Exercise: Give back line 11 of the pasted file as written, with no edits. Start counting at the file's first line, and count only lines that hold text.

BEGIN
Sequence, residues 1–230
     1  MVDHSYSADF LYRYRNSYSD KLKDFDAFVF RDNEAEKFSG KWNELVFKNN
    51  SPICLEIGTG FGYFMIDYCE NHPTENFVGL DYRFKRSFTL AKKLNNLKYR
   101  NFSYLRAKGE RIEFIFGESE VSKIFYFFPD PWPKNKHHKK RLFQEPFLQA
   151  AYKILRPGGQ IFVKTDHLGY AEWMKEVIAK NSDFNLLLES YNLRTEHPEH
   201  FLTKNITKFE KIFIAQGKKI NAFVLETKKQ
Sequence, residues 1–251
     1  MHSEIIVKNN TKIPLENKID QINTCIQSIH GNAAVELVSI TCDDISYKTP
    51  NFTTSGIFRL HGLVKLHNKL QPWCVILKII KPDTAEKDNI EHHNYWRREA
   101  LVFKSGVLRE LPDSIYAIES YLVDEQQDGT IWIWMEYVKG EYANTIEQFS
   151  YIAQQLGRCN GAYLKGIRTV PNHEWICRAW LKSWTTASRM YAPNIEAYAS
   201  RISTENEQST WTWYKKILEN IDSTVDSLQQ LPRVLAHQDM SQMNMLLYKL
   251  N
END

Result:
   151  YIAQQLGRCN GAYLKGIRTV PNHEWICRAW LKSWTTASRM YAPNIEAYAS